Although the woodcut medium represented a significant portion of Aron's work, he subsequently concentrated on watercolor, with which he developed a characteristic style. The watercolors effectively witnessed Aron's intimate relationship with Greenlandic landscape and its colors, people, and their culture. He often executed several illustrations for one manuscript in order to visualize the key scenes of a narrative and elucidate plot. In addition to illustrating other people's stories, Aron began to write his own texts, eventually distinguishing himself as an indigenous writer. Aware of the essential differences between the oral and the written medium, Aron remained sensitive to the written context and focused on creating comprehensible and coherent narratives as compared to many of the other writers who contributed to Rink's collection. Aron sensitively described his characters' inner life; moreover, his descriptions were also often more detailed than was the case with the other writers. The recording of oral narratives necessarily entailed the loss of important elements of traditional storytelling, such as the storyteller's use of voice and body language, which could not be relayed in writing. Through the combination of text and image, Aron nevertheless managed to relay a sense of the vitality and the dynamics of the oral storytelling tradition.
The oral tradition included both legends from ancient times and tales of contemporary events. Aron represented both types in his art, and several manuscripts and illustrations described the seminal meeting of the Inuit and the European cultures; these cultural conflicts comprised some of Aron's first artistic motives. His fascination with material from ancient times (pre-European contact) remained a frequent and enduring theme. A devout Christian, Aron expressed difficulties with the Inuit's "heathen" past; in contrast with other writers such as Jens Kreutzmann, who claimed that the ancient material belonged to the past and Christianity to the present, Aron often tried to adjust the ancient Inuit worldview to comply with Christian morals.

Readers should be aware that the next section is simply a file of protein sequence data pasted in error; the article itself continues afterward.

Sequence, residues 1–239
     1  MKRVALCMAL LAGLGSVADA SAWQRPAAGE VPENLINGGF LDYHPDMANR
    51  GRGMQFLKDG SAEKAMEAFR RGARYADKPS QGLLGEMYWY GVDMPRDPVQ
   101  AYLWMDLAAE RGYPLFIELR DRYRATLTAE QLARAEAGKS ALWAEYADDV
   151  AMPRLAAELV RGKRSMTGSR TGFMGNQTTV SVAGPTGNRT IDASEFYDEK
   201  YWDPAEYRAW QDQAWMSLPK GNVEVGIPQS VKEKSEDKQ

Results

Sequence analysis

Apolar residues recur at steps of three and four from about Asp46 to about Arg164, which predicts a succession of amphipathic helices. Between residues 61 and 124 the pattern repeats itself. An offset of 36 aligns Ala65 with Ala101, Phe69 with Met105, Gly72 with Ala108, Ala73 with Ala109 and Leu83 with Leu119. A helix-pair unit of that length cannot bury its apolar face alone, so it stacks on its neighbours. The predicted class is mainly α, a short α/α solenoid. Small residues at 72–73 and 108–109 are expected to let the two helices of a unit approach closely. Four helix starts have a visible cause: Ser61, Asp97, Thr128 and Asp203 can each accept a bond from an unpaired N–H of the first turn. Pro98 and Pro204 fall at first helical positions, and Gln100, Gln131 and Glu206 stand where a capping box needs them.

When Rink and his wife Signe left Greenland in 1868, they brought the collected material, including Aron's works. Signe Rink (1836-1909) held a stronger sense of the ethnographic value of the illustrations than her husband, who had primarily been interested in the written manuscripts and regarded the illustrations as a curiosity. In 1905, Signe Rink donated the bulk of Aron's watercolors to the National Museum in Copenhagen, excluding a selection of illustrations that she found either improper or not belonging to the ancient tradition of storytelling, such as the cultural meeting between the Europeans and the Inuit. These were given to the University Museum of Ethnography in Oslo by relatives after Rink's death. The main collection of Aron's water-colors in Copenhagen remained hidden until 1960, when Eigil Knuth rediscovered the museum collection and presented them to the public. This portion of the collection was transferred from Copenhagen to the National Museum of Greenland in 1982.